In the midst of a presidential election cycle marked by rage and insurgency, it can be hard to keep perspective. The stakes in whether Donald Trump gets the GOP nomination, Bernie Sanders captures enough delegates to take down Hillary Clinton, or Supreme Court nominee Merrick Garland receives a vote in the Senate are vastly higher than those involved in the outcome of our rancorous debates on social issues.

It is nonetheless remarkable how deranged so many of us seem to become as soon as sex is invoked in a public dispute. Perhaps it shouldn't surprise us that a culture founded in part by Puritans would find itself so prone to extremism on matters of sexuality. Yet it's still distressing to see how often moralistic grandstanding drives public argument and policymaking when it comes to sex.

The porn panic provoked by a recent (and at best partially persuasive) Time magazine cover story is a prominent example. But it's hardly the only one.

There is, first of all, the way sexual assaults are being handled on college campuses. The increased focus on such assaults over the past few years may well be justified, but the overwhelmingly bureaucratic response favored by both universities themselves and the U.S. Department of Education's Office of Civil Rights is not. If college administrators wanted to do a better job of protecting female students from various forms of sexual assault, especially rape, you might think they would do things like — oh, I don't know — crack down on Greek life, enforce the legal drinking age on campus, and make clear to students that all accusations of assault will be turned over to local law enforcement.

Instead, growing numbers of universities are choosing to fight sexual assault by establishing offices to oversee the creation and enforcement of regulations, under Title IX, covering every imaginable form of sexual or quasi-sexual conduct, ensuring that in all cases such conduct conforms to legalistic norms of consent. Thinking of coming up behind an attractive sophomore and planting a surprise kiss on the back of his neck? Think again. That kind of reckless behavior could carry consequences, including a sexual misconduct complaint.

The result is a supremely creepy combination of liberalism, Puritanism, and the infrastructure of a police state. In addition to stifling free speech and the free exchange of ideas on campus, such regulations go well beyond punishing bad behavior to require a transformation in the way people relate to one another at an individual level. Ruling common forms of flirtation and seduction out of bounds, they aim to remake romantic and sexual interactions on the model of contractual negotiations among business partners.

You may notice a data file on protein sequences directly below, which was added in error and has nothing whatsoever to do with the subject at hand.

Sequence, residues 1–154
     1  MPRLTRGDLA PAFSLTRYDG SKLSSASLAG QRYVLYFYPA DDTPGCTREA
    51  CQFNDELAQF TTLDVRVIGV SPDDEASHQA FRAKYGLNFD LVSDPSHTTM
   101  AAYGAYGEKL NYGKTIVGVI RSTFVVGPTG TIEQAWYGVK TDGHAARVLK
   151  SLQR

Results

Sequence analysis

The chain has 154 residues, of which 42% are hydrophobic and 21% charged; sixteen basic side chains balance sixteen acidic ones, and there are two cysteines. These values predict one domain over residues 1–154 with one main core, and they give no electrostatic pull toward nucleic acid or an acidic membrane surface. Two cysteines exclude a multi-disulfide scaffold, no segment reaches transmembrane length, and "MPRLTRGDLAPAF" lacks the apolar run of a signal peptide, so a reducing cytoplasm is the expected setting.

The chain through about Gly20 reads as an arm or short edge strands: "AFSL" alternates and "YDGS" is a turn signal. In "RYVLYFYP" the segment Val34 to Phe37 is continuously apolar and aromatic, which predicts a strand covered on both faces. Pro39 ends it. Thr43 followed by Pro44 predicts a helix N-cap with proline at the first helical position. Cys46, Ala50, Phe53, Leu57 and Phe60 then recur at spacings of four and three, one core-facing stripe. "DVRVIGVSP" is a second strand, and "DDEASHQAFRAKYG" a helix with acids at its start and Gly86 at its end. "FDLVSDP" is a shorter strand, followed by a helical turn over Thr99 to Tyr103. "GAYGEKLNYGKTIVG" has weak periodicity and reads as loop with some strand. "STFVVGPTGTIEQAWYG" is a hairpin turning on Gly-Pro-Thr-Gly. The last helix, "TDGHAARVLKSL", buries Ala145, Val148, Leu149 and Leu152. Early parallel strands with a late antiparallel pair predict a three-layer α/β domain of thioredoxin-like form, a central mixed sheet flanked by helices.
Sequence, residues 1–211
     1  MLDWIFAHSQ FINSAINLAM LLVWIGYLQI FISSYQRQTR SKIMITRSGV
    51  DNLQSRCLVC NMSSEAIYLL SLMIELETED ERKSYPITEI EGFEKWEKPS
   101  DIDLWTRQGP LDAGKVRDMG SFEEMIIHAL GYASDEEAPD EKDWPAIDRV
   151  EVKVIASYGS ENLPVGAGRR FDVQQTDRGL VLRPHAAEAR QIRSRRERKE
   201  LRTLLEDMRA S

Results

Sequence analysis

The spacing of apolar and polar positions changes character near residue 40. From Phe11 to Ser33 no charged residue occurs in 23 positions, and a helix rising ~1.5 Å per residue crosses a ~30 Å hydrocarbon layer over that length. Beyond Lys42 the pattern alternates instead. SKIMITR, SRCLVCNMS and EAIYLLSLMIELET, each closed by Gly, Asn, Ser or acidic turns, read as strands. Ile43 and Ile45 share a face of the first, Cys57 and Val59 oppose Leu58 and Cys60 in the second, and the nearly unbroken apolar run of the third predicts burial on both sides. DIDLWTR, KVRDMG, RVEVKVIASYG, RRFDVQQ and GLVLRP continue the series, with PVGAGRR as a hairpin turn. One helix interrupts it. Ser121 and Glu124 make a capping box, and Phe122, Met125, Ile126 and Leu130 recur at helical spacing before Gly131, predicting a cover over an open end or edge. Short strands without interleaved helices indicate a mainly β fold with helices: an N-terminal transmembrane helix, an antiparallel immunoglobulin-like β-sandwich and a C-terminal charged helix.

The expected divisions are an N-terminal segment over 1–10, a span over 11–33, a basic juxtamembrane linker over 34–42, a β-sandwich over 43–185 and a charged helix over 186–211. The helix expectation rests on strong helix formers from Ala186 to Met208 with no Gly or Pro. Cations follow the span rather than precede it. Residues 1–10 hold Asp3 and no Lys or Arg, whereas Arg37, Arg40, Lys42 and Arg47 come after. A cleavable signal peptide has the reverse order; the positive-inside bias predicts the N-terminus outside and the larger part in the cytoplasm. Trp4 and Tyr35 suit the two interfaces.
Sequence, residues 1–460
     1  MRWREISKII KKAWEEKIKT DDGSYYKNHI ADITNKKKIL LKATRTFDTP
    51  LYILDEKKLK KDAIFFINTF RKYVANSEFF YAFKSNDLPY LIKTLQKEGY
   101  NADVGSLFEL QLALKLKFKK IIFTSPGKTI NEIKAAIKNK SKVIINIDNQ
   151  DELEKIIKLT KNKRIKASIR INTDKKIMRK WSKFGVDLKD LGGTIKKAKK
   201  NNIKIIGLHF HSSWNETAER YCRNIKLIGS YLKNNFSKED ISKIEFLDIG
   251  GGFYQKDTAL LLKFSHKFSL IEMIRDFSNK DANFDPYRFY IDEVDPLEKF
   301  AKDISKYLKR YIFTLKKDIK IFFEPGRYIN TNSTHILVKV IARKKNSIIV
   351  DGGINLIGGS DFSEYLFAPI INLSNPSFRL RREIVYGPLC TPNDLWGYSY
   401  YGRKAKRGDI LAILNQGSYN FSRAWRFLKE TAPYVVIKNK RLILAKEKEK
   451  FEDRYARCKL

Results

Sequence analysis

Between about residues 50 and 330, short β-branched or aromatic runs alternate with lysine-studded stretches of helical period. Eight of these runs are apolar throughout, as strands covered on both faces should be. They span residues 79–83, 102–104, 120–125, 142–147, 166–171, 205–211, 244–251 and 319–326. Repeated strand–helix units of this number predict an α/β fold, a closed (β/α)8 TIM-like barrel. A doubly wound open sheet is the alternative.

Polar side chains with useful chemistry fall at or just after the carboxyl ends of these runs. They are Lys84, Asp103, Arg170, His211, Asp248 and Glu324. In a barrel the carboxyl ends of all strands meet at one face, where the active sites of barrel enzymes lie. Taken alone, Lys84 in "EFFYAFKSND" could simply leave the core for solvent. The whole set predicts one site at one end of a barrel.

That's certainly one way to ensure student safety on campus. Whether it's the most sensible one is another matter.

A similarly disproportionate response to a problem can be seen in the cultural left's obsession with transgender rights over the past year or so.

In the six months leading up to last June's Obergefell Supreme Court decision grounding the right to same-sex marriage in the U.S. Constitution, a new struggle wrapped up with sexual identity exploded on the scene. Suddenly transgender rights-advocacy was pervasive in the news, with Caitlyn Jenner's visage plastered all over television screens and websites, and mainstream media outlets devoting story after story to the injustices faced and regularly endured by the transgendered.

All of us should refrain from and discourage cruelty. A person whose gender does not conform to culturally grounded norms of male and female no more deserves nastiness and ridicule than any other human being. But that doesn't — or shouldn't — mean that those norms themselves need to be completely erased or stamped out from American public life by, for example, doing away entirely with gender-specific restrooms and locker rooms. Avoiding gratuitous cruelty is one thing. Overturning social norms that suit 99.7 percent of Americans in order to make 0.3 percent of Americans feel somewhat less marginalized is something else altogether. That transgender activists feel entitled to push for such accommodations is a sign of sexual moralism run amuck.

But so is the noisy backlash against the transgender rights movement among social conservatives, who have taken to stoking unsubstantiated fears of the transgendered peeping through bathroom stalls and even engaging in outright sexual assaults if they begin using public facilities that match the gender with which they identify (but don't physically conform to).

Such arguments might have seemed persuasive in a time when most people denied the existence of homosexuals. But now that we know that roughly 2 percent of the population is gay or lesbian, the notion that public restrooms and locker rooms are places devoid of any form of sexual titillation is risible. The fact is that for a gay or bisexual man, a visit to a men's locker room might be as arousing as a visit to a women's locker room would be for a straight man. And of course the same goes for a lesbian or female bisexual in a women's locker room.

And yet public restrooms and locker rooms are not known as hotbeds of sexual assault. That's because people don't automatically act on their desires. They normally exercise restraint. The sense of restraint arises out of a mixture of self-interest (wanting to avoid rejection, embarrassment, and, in the case of criminal acts, legal punishment) and concern for the rights and well-being of others. This holds for gay men, lesbians, bisexuals, and the transgendered no less than for straight men and women.

Given this reality, what's the big deal about allowing (the relatively few) transgendered men and women to use the public facility of their choice?

Whether on campus or in public restrooms, Americans need to get a grip on their sexual anxieties.